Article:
Next up for the Blueshirts was the Pittsburgh Penguins, and it was a tough series which saw the Rangers win Game 1, and then lose three straight in a row. During these four games, St. Louis was neutralized, tallying no points and registering six shots. With the team on the verge of their season ending, tragedy struck as it was announced on May 8, 2014 that Marty’s mother France had unexpectedly passed away. At that moment, hockey was the least important thing for St. Louis, and there was no telling if he’d be back with the Rangers for an elimination Game 5 in Pittsburgh the next day.

The time for Game 5 came, and Marty was in the lineup, just hoping to do his best to help the team. He said that his father wanted him to play, and that he knew that his mother would have wanted that too. During the game, a 5-1 blowout, St. Louis skated just 16:19 but his presence was certainly felt on the bench. I will never forget how the team supported him that night, and one of those moments was caught by TV cameras.

It was a simple and unassuming tap on the helmet and hug from Derick Brassard, but it meant a lot in the moment as St. Louis was staring into space with a tremendous weight on his shoulders. The Blueshirts had won Game 5 and would be heading home for Game 6.

Game 6 was held on Sunday May 11, and it also happened to be Mother’s Day. There are a lot of people who talk — whether it be serious or jokingly — about the hockey gods, but it was certainly a goosebumps inducing moment to have the Rangers playing at home in an elimination game on Mother’s Day just three days after the death of St. Louis’ mother.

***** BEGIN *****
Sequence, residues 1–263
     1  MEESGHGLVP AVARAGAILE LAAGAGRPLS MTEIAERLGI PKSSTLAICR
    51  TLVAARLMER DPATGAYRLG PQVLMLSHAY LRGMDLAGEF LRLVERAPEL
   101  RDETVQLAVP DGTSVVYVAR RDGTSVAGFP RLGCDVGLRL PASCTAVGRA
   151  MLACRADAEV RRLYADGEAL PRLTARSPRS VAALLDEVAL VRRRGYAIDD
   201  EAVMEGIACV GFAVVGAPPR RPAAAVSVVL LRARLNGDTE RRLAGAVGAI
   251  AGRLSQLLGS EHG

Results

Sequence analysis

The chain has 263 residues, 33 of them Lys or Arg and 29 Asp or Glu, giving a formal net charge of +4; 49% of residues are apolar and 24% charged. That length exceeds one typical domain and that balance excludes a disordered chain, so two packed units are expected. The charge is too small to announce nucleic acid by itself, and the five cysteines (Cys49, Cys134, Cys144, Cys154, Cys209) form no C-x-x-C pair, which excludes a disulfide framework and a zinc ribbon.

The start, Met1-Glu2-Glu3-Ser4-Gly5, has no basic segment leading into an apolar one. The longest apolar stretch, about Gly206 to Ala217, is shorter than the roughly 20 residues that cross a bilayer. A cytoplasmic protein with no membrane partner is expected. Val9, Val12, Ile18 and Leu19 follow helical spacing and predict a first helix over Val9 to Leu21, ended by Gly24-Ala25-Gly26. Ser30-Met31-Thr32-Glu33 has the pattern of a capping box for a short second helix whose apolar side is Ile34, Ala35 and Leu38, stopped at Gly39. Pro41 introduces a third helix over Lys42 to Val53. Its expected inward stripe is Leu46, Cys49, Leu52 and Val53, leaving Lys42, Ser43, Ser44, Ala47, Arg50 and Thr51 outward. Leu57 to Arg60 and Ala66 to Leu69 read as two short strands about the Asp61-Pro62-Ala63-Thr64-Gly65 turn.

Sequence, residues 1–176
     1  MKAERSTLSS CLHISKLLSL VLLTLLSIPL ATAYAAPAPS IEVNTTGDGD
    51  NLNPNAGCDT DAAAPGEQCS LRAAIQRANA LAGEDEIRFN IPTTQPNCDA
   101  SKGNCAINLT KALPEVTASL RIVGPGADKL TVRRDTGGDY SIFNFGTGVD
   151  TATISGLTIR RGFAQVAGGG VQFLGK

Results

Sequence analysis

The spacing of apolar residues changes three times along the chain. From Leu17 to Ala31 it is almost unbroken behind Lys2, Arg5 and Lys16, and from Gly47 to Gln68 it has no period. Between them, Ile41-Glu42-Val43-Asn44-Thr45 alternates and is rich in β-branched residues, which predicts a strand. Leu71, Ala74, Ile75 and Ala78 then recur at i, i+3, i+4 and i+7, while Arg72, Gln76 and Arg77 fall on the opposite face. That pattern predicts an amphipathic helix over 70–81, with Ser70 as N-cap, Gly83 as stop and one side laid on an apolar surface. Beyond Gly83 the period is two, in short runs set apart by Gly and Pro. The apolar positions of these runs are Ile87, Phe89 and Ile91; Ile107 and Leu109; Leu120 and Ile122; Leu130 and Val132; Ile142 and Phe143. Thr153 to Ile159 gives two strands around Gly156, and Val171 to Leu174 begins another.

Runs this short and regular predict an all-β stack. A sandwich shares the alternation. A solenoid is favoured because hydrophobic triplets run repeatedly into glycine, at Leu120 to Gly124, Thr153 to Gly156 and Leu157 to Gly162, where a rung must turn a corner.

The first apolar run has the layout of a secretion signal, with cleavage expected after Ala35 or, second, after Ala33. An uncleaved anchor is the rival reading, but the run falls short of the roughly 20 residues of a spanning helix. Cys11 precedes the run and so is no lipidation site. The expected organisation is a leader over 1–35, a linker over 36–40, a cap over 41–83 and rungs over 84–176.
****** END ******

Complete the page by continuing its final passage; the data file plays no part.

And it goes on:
In storybook fashion, St. Louis scored and there wasn’t a dry eye in The Garden.

It wasn’t the prettiest of goals, but it was the first goal of the game which got the team rolling to an eventual 3-1 victory to tie up the series.

After the game, St. Louis delivered an emotional speech thanking the team for everything they had done for him over the last few days, and awarded The Broadway Hat to everyone in the locker room.

After this moment, it felt like the Rangers were destined to take care of business in Game 7. It wan’t going to be an easy task by any stretch of the imagination, but it was hard to see the team falling flat having come this far. Much of that was because of the emotion and energy of St. Louis that were absolutely infectious, and created an this atmosphere around the Rangers and their playoff run that were hard to forget.

Game 7 was held in Pittsburgh, and the Rangers were looking to turn the tables on the Penguins by winning their third in a row after having just lost three in a row. The Blueshirts’ fourth line of Brian Boyle, Dominic Moore and Derek Dorsett got things started as Boyle tallied his second goal of the playoffs.

The Penguins would get on the board to tie things up in the second period, but the Rangers responded shortly after that, and once again St. Louis played a pivotal role.

On the power play St. Louis setup his long time friend — fellow 2003-04 Stanley Cup Champion — Brad Richards who scored the game-winning goal.

Henrik Lundqvist locked things down and put on an absolute clinic in which he stopped 35 of 36 shots, including 25 of 26 in the second and third period combined.